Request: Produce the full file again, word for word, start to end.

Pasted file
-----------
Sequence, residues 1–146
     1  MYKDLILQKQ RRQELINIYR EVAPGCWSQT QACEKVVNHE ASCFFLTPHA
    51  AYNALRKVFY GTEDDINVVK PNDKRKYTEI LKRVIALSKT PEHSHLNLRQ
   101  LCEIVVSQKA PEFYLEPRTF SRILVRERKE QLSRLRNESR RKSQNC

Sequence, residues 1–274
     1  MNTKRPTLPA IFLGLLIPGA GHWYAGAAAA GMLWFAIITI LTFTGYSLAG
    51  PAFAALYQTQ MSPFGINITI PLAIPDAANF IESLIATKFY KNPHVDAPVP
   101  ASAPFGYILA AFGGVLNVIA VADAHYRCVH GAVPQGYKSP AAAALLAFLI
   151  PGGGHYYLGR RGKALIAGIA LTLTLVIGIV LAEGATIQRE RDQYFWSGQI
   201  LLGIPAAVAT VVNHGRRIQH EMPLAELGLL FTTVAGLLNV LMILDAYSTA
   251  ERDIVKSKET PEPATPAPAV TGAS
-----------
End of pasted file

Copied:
Sequence, residues 1–146
     1  MYKDLILQKQ RRQELINIYR EVAPGCWSQT QACEKVVNHE ASCFFLTPHA
    51  AYNALRKVFY GTEDDINVVK PNDKRKYTEI LKRVIALSKT PEHSHLNLRQ
   101  LCEIVVSQKA PEFYLEPRTF SRILVRERKE QLSRLRNESR RKSQNC

Sequence, residues 1–274
     1  MNTKRPTLPA IFLGLLIPGA GHWYAGAAAA GMLWFAIITI LTFTGYSLAG
    51  PAFAALYQTQ MSPFGINITI PLAIPDAANF IESLIATKFY KNPHVDAPVP
   101  ASAPFGYILA AFGGVLNVIA VADAHYRCVH GAVPQGYKSP AAAALLAFLI
   151  PGGGHYYLGR RGKALIAGIA LTLTLVIGIV LAEGATIQRE RDQYFWSGQI
   201  LLGIPAAVAT VVNHGRRIQH EMPLAELGLL FTTVAGLLNV LMILDAYSTA
   251  ERDIVKSKET PEPATPAPAV TGAS